- J. Korner, M. Bessler, L. J. Cirilo et al., “Effects of Roux-en-Y gastric bypass surgery on fasting and postprandial concentrations of plasma ghrelin, peptide YY, and insulin,” Journal of Clinical Endocrinology and Metabolism, vol. 90, no. 1, pp. 359–365, 2005.
- M. E. Couce, D. Cottam, J. Esplen, P. Schauer, and B. Burguera, “Is ghrelin the culprit for weight loss after gastric bypass surgery? A negative answer,” Obesity Surgery, vol. 16, no. 7, pp. 870–878, 2006.
- B. A. Whitson, D. B. Leslie, T. A. Kellogg et al., “Entero-endocrine changes after gastric bypass in diabetic and nondiabetic patients: a preliminary study,” Journal of Surgical Research, vol. 141, no. 1, pp. 31–39, 2007.
- J.-M. Liou, J.-T. Lin, W.-J. Lee et al., “The serial changes of ghrelin and leptin levels and their relations to weight loss after laparoscopic minigastric bypass surgery,” Obesity Surgery, vol. 18, no. 1, pp. 84–89, 2008.
- S. N. Karamanakos, K. Vagenas, F. Kalfarentzos, and T. K. Alexandrides, “Weight loss, appetite suppression, and changes in fasting and postprandial ghrelin and peptide-YY levels after Roux-en-Y gastric bypass and sleeve gastrectomy: a prospective, double blind study,” Annals of Surgery, vol. 247, no. 3, pp. 401–407, 2008.
- B. Oliván, J. Teixeira, M. Bose et al., “Effect of weight loss by diet or gastric bypass surgery on peptide YY3-36 levels,” Annals of Surgery, vol. 249, no. 6, pp. 948–953, 2009.
- J. Korner, W. Inabnet, G. Febres et al., “Prospective study of gut hormone and metabolic changes after adjustable gastric banding and Roux-en-Y gastric bypass,” International Journal of Obesity, vol. 33, no. 7, pp. 786–795, 2009.
- J. Vendrell, M. Broch, N. Vilarrasa et al., “Resistin, adiponectin, ghrelin, leptin, and proinflammatory cytokines: relationships in obesity,” Obesity Research, vol. 12, no. 6, pp. 962–971, 2004.
- C. Holdstock, B. E. Engström, M. Öhrvall, L. Lind, M. Sundbom, and F. A. Karlsson, “Ghrelin and adipose tissue regulatory peptides: effect of gastric bypass surgery in obese humans,” Journal of Clinical Endocrinology and Metabolism, vol. 88, no. 7, pp. 3177–3183, 2003.
- M. Sundbom, C. Holdstock, B. E. Engström, and F. A. Karlsson, “Early changes in ghrelin following Roux-en-Y gastric bypass: influence of vagal nerve functionality?” Obesity Surgery, vol. 17, no. 3, pp. 304–310, 2007.
- E. Garcia-Fuentes, L. Garrido-Sanchez, J. M. Garcia-Almeida et al., “Different effect of laparoscopic Roux-en-Y gastric bypass and open biliopancreatic diversion of Scopinaro on serum PYY and ghrelin levels,” Obesity Surgery, vol. 18, no. 11, pp. 1424–1429, 2008.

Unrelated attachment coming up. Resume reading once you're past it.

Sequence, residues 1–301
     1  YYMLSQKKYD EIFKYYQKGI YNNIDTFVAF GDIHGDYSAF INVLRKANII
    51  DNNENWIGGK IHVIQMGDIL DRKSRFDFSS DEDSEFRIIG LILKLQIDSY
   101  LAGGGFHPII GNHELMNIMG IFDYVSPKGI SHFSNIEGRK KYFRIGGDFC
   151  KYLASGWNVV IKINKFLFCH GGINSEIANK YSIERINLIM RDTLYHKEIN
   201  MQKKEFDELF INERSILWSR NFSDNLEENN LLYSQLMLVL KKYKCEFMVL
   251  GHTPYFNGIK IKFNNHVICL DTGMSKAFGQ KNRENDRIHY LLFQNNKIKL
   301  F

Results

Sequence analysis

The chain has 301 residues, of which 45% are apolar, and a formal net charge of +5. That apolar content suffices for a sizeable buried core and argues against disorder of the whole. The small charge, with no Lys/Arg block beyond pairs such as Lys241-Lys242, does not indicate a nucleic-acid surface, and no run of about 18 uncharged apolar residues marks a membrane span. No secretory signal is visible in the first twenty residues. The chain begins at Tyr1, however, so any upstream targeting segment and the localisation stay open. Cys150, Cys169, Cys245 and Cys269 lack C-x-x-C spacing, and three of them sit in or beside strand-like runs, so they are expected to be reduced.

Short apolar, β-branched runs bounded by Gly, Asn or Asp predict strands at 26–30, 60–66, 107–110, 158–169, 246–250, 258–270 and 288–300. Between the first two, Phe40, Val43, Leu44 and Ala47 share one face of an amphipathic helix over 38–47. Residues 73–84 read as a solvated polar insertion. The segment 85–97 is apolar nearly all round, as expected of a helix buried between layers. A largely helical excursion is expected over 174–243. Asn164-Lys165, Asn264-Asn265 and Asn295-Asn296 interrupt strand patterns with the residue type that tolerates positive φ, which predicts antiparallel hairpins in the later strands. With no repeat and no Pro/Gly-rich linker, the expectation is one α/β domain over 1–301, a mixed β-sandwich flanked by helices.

- J. Ybarra, E. Bobbioni-Harsch, G. Chassot et al., “Persistent correlation of ghrelin plasma levels with body mass index both in stable weight conditions and during gastric-bypass-induced weight loss,” Obesity Surgery, vol. 19, no. 3, pp. 327–331, 2009.
- C. W. Le Roux, N. M. Neary, T. J. Halsey et al., “Ghrelin does not stimulate food intake in patients with surgical procedures involving vagotomy,” Journal of Clinical Endocrinology and Metabolism, vol. 90, no. 8, pp. 4521–4524, 2005.
- W. J. Pories, “Ghrelin? Yes, it is spelled correctly,” Annals of Surgery, vol. 247, no. 3, pp. 408–410, 2008.
- T. McLaughlin, F. Abbasi, C. Lamendola, R. S. Frayo, and D. E. Cummings, “Plasma ghrelin concentrations are decreased in insulin-resistant obese adults relative to equally obese insulin-sensitive contrls,” Journal of Clinical Endocrinology and Metabolism, vol. 89, no. 4, pp. 1630–1635, 2004.
- G. F. Adami, R. Cordera, G. Marinari, G. Lamerini, G. Andraghetti, and N. Scopinaro, “Plasma ghrelin concentratin in the short-term following biliopancreatic diversion,” Obesity Surgery, vol. 13, no. 6, pp. 889–892, 2003.
- B. A. Parker, S. Doran, J. Wishart, M. Horowitz, and I. M. Chapman, “Effects of small intestinal and gastric glucose administration on the suppression of plasma ghrelin concentrations in healthy older men and women,” Clinical Endocrinology, vol. 62, no. 5, pp. 539–546, 2005.
- G. F. Adami, R. Cordera, G. Andraghetti, G. B. Camerini, G. M. Marinari, and N. Scopinaro, “Changes in serum ghrelin concentration following biliopancreatic diversion for obesity,” Obesity Research, vol. 12, no. 4, pp. 684–687, 2004.
- M. T. García-Unzueta, R. Fernández-Santiago, A. Domínguez-Díez, L. Vazquez-Salví, J. C. Fernández-Escalante, and J. A. Amado, “Fasting plasma ghrelin levels increase progressively after billiopancreatic diversion: one-year follow-up,” Obesity Surgery, vol. 15, no. 2, pp. 187–190, 2005.
- G. Mingrone, L. Granato, E. Valera-Mora et al., “Ultradian ghrelin pulsatility is disrupted in morbidly obese subjects after weight loss induced by malabsorptive bariatric surgery,” American Journal of Clinical Nutrition, vol. 83, no. 5, pp. 1017–1024, 2006.